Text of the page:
After the disaster and stock-take from all the following events Red Cross decided to employ a social media expert to monitor anything in the web space regarding the organization, her name was Wendy Harman. Wendy’s main priority to analyse the online conversations about Red Cross. As a result of this monitoring, many negative comments were exposed, but the process discovered many positive too. After those findings, Red Cross had a new objective to involve the members of the public online by engaging with them.

Wendy had a responsibility not only to monitor but responding to any comments introducing herself. The purpose of those interactions and personal approach was for Wendy to develop a relationship with the members of the public. Once this relationship is established if they have an issue with or criticism of the Red Cross, Wendy worked with her colleagues to acknowledge the problem and if possible, to deal with it.            

What the America Red Cross has learned was that social media was vital to ensure that their relationship with the people they are supporting is a positive one. This new communication tool gives the Red Cross the capacity to engage directly with the members of the public in two-way interaction. The capability to have their blogs and other social media websites is especially crucial for the Red Cross when working on disasters.

Their social media initiative has excided the initial expectations. All discussions are monitored and tracked, and the Red Cross has established its voice online but also has paced itself at the hub through proactive social media campaigns and initiatives. The organization’s social media program has allowed the Red Cross to reply to misconceptions when they occur.


The social media awareness strategy, is consisting of a variety of communication and collaboration techniques, is resulting in new levels of success with its stakeholders. By accepting a policy of engaging with interested and engaged influencers, organizations can maximize the public relations value with new social media tools.

However, social media can be a double-edged sword. A clear example is Elon Musk, Tesla CEO, tweet about taking the company private is a clear example of a crisis. While this tweet had no potential to cause any damage on its own, due to hypercomplex nature of the business world, the perception of this single tweet led to the removal of Elon Musk as chairman of the board and a multimillion-dollar fine, as this was a critical element that can influence shareholder's decision-making process.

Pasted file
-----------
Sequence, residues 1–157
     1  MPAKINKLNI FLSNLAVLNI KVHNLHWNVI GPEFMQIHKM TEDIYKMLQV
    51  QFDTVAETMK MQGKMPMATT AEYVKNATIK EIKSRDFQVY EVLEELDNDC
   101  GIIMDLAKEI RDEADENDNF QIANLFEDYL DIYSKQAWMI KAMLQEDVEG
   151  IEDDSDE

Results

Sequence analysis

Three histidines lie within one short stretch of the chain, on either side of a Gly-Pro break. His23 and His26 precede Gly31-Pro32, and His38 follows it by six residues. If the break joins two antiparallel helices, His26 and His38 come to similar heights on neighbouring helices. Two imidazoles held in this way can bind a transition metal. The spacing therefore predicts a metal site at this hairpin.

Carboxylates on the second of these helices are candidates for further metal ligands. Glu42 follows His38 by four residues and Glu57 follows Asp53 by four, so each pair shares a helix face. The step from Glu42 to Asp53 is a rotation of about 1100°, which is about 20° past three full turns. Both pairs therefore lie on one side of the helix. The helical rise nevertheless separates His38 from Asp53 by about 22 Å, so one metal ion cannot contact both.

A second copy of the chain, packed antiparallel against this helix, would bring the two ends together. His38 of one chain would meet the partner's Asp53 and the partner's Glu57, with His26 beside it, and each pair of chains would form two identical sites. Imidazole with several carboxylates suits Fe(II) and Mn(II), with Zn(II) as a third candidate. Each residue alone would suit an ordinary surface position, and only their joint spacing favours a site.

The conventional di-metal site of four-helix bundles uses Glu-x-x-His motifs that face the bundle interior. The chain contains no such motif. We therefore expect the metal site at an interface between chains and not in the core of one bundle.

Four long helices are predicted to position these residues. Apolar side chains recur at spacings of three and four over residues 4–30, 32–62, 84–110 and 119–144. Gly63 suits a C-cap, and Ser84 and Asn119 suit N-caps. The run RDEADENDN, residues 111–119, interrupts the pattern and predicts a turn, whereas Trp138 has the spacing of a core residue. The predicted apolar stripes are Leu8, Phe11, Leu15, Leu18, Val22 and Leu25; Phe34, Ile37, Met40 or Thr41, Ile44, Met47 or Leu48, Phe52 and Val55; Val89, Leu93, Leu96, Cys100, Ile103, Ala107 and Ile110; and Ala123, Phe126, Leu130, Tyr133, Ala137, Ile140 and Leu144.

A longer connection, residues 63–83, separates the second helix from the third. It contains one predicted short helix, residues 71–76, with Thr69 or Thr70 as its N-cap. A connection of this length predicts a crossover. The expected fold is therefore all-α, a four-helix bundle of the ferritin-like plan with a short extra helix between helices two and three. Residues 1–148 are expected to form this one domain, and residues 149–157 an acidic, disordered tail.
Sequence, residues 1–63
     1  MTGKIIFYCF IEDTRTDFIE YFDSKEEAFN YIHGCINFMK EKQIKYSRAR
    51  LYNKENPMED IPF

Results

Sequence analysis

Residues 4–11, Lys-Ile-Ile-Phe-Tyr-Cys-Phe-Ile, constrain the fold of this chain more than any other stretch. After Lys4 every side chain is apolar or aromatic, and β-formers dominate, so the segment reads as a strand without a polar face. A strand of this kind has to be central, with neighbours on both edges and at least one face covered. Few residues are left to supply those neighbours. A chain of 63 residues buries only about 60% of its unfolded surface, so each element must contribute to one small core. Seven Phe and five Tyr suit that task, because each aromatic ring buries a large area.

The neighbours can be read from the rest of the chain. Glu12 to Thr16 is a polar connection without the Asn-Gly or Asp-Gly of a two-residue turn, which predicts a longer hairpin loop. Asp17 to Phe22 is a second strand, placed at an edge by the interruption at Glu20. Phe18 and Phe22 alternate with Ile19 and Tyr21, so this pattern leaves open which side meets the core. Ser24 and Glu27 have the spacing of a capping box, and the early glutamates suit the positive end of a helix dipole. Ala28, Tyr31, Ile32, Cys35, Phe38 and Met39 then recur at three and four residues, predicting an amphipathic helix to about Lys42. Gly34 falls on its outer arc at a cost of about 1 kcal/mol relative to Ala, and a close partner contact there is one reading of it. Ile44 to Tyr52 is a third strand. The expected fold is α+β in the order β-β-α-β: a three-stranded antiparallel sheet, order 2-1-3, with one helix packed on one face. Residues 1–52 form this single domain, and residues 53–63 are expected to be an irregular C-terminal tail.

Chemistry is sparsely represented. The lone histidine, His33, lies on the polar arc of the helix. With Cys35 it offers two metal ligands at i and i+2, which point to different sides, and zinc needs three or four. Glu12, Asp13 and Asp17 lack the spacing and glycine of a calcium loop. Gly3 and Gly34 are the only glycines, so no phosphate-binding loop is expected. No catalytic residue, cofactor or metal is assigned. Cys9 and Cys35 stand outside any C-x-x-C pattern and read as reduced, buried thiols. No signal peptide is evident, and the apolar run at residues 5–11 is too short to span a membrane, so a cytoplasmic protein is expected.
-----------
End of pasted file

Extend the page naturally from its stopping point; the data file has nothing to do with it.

Effective crisis management inevitably involves social media, whether the organizations are a large multi-national corporation or a small hometown business. When a crisis develops, whether it’s negative publicity, a product recall, or an inaccurate news story going, viral, social media engagement should be a key priority when a crisis develops. The nature of social media makes it an ideal platform for communicating quickly and effectively in our digital age. Communication on social media is near-instantaneous, so it gets the organization message out right away, much faster and effective than traditional media outputs.



“Social Media Use Growing Among Fortune 500 List With 77% Tweeting & 70% On Facebook,” Amy Gesenhues, Marketing Land, July 23, 2013. Access at: http://marketingland. com/fortune-500-companys-social-mediause-on-the-rise-52726. 5. “

“The Growth of Social Media in 2014: 40+ Surprising Stats [Infographic],” Socially Stacked, January 23, 2014. Access at: the-growth-of-social-media-in-2014- 40-surprising-stats-infographic/#sthash. t4GoW1Bc.KxNuUnDR.dpbs

D. Rubens, Crisis Management and Social Media, DTS005

C. Leddy, Social Media During a Crisis: 6 Steps to Success, 7/22/2016

John Cass, The American Red Cross Embraces Social Media and Improves its Image with the Key Audiences, Vol. 8, No. 4

Chris Britton, How to Effectively Handle Crisis Management Through Social Media, Sept 2017